In Merton, by the River Wandle, there's an arterial road through a retail park. Underneath the arterial road there's a subway. And in the subway is a door that's usually locked, but is occasionally opened to reveal a medieval secret beneath the carriageway. That'll be Merton Abbey Chapter House(1114-1538). And it was open to visitors yesterday, and it's open again today.
The immediate locality has a peerless history. The Romans built Stane Street directly through the site, and then a millennium later Gilbert, sheriff of Surrey, established a priory church. It grew to become terribly important, esteemed by royalty, and a stop-off for King John on his way to sign Magna Carta. Famous pupils at the priory include Thomas a Becket, and also England's only Pope, the almost famous Adrian IV. 500 years ago Henry VIII razed it to the ground, and the riverside site was reappropriated for water-powered industry - William Morris would eventually choose to site his textile mills here. A lightly used railway passed through, including an even less frequented station called Merton Abbey, closed in 1929. The majority of the priory's ruins are now lost beneath a giant Sainsbury's hyperstore, thankfully dug over by archaeologists before the car park and frozen meat aisles went in. Then in the 1990s the council built a new trunk road, Merantun Way, along the line of the railway, except this was precisely where the Chapter House's foundations still lay. So they raised the carriageway slightly, created a concrete-topped chamber underneath, and Dorking-bound traffic now drives obliviously across the top.
The site today is horribly blandly out-of-townly commercial. The Sainsbury's is a giant box above a car park, now coupled up with an M&S to lure the car-driving populace of SW19. Across the road is an architecturally dead Premier Inn, plus a Pizza Hut and a KFC of the kind that uninspired families drive to after work. Admittedly Merton Abbey Mills down by the river is rather lovelier, with William Morris's works now populated by craft stores and restaurants with a splash of character, and a waterwheel that still turns same as it ever did. But there's no joy to crossing Merantun Way through the subway, descending past the foot of an electricity pylon, not unless the door in the wall is open.
It was open yesterday, if only the passing shoppers could be bothered to step inside. Initially they were more fixed on grabbing a trolley than on archaeology, and once they had bulging orange bags it was too late. But several folk had come deliberately, having seen the rare opening was taking place, and I overheard at least one couple say "Oh, I've always wanted to look in here." Spread out beneath the low grey roof is a dimly-litchamber, perhaps the size of two tennis courts, with a staked out border around a sandy expanse in the centre. This is approximately the shape of the old chapter house, the remains of whose stone walls can be seen raised intermittently along much of the perimeter. One end curves more than the other - this used be the apse - hence the bulge you'll have seen in the subway wall outside. If you're good you'll be allowed to walk out into the centre of the room for a closer look, and if you're a small boy called Rufus your parents may allow you to play in the 'Archaeology For Young Children' sandpit dig, at least until it's time to insist that you stop having fun and leave.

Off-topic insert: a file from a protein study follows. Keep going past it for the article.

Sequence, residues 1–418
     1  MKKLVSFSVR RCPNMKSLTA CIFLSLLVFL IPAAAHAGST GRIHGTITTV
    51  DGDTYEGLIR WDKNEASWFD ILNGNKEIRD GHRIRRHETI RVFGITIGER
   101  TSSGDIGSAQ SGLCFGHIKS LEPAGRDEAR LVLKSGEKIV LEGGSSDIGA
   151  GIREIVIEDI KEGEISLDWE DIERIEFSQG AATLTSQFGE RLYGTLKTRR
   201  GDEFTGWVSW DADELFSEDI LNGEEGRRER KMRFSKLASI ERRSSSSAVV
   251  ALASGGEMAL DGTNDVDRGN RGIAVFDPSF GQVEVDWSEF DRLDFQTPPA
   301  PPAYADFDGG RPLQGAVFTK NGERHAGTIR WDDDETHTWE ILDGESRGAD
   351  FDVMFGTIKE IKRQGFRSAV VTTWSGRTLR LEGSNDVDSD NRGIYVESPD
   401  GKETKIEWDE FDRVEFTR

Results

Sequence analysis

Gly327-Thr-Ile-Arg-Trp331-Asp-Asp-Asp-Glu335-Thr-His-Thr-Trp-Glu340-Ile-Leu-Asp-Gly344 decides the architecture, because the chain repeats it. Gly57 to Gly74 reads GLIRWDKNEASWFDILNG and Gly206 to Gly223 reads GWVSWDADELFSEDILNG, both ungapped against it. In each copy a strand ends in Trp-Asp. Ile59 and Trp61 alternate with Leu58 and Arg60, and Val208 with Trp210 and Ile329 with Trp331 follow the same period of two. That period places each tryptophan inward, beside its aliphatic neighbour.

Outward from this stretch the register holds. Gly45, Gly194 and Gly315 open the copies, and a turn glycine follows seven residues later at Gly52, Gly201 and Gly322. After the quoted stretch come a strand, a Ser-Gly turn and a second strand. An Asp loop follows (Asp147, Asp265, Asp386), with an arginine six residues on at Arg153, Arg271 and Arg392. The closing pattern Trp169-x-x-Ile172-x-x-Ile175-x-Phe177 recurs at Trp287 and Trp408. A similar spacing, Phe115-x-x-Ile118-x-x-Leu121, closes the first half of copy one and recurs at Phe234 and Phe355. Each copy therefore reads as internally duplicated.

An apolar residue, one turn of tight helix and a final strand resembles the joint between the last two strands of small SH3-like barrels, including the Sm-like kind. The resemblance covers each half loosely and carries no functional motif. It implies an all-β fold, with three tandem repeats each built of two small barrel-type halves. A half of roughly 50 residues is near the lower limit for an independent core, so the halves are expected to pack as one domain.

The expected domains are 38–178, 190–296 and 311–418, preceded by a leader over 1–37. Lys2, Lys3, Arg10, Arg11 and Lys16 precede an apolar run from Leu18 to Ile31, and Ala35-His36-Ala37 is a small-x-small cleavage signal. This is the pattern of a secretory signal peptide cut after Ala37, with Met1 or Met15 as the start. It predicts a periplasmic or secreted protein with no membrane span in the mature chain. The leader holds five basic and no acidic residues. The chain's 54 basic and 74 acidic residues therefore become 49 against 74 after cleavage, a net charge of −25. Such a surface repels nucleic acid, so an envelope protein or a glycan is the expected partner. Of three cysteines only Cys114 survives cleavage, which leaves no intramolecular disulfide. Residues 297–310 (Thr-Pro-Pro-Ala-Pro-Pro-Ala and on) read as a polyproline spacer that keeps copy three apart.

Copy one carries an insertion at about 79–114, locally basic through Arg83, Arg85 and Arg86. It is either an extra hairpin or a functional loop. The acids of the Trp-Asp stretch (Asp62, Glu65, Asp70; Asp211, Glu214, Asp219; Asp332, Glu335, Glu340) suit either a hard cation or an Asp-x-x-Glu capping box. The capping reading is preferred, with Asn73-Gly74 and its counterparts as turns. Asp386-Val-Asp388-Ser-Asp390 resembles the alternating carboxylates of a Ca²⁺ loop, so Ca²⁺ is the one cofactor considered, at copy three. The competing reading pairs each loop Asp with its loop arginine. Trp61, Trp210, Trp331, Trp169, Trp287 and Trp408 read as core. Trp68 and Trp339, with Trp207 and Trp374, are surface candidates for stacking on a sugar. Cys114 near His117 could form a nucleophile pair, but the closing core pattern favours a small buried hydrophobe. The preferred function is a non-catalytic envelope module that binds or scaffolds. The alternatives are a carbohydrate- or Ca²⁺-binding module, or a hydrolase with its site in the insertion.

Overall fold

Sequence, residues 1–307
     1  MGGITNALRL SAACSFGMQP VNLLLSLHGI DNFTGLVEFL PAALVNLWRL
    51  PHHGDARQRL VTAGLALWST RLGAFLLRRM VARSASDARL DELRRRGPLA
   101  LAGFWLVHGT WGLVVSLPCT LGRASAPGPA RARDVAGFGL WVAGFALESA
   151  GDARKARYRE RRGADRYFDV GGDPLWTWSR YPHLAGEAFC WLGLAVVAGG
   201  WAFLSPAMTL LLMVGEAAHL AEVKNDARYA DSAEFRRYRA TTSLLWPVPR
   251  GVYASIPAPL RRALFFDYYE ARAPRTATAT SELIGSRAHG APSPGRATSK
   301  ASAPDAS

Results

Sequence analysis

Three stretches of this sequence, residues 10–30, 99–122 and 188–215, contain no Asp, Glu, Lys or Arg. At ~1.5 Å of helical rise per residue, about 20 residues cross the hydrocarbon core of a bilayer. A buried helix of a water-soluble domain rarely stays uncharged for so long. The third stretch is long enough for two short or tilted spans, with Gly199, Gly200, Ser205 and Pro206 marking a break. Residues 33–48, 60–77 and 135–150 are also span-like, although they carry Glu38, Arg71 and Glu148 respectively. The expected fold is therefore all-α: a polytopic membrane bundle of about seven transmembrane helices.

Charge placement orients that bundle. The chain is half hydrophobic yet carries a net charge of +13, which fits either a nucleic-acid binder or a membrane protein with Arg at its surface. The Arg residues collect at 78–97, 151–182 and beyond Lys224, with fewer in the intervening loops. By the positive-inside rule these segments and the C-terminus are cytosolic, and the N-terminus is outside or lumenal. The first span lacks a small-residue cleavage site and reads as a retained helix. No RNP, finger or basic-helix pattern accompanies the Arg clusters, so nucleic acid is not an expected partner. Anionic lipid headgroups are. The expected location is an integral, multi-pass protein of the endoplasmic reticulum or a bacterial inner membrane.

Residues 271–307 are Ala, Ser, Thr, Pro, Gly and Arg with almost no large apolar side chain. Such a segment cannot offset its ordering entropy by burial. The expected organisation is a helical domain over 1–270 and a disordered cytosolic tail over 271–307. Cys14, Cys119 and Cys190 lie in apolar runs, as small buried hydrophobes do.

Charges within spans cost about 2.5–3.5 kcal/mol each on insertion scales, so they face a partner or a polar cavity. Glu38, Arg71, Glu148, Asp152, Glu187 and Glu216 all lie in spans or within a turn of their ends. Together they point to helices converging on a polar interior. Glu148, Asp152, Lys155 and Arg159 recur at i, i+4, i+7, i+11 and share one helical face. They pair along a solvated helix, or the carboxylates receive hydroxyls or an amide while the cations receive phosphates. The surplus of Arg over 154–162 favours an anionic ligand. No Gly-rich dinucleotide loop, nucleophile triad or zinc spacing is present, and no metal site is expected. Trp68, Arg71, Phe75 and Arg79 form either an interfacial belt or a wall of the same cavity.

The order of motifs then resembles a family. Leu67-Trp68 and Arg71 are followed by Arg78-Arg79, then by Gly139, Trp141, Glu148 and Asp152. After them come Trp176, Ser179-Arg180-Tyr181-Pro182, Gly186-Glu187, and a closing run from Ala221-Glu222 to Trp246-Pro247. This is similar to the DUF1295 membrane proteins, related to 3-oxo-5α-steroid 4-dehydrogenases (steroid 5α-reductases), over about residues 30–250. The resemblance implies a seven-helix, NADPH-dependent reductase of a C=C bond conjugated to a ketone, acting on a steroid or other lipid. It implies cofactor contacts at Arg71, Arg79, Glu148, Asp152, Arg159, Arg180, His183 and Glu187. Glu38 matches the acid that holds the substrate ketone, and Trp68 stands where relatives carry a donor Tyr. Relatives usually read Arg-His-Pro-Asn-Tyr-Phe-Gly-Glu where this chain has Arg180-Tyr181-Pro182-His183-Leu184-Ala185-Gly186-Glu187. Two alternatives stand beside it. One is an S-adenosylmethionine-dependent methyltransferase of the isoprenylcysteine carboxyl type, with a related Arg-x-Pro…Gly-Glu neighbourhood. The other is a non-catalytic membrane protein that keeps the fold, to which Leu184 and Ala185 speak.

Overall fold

It was in this very room that The Statute of Merton was drawn up in 1236, an agreement between the barons and the king along the lines of Magna Carta, and generally considered to be the very first English parliamentary statute. Various aspects of the site's history are explored around the edge of the room, including that of the priory itself and the dig that rediscovered it. Bits of masonry may, or may not, be from the original abbey, and several of the sheets stuck up on the displays have a slightly faded "we found this in a magazine" feel. A particular focus is the work of William Morris, including catalogues of wallpaper, a few Liberty dresses, and a small Arts and Crafts bedecked sitting room, which manages to create the right atmosphere out of not a great deal. If you're smitten there's a table of heritage related goodies in the far corner, most of them paper-based, and probably a gaggle of volunteers to whom all credit for the attraction's opening should be directed.
There are plans afoot to open up the Chapter House to a wider audience. Almost £200,000 has been set aside by the Lottery and the council to create a proper Visitor Centre, the main effect of which will be to replace the southern wall of the enclosure with a new glazed wall so that anyone can peer in, and to greatly improve illumination. Part of the plans will also provide a toilet, a kitchen and a dedicated storage space, elevating the basic facilities to the level of say a small church hall. Eventually there'll be an education centre, even a cafe, and a thin extension poking out beneath the elevated roadway running parallel to the medieval walls rather than constrained by the road. This may take a while, but in the meantime the Chapter House is open on a handful of weekends a year, including September for Open House, and this weekend as part of the Festival of British Archaeology.
As Ian says, the site is quite small so it's probably only worthy of a diversion if you're in the local area, or if you like this kind of thing, which obviously we do. In particular it'd be nice to think you could tear yourself away from your shop at Sainsbury's and take a peek under the road you just drove in along, to view an amazing survivor of some importance, because who'd ever have thought?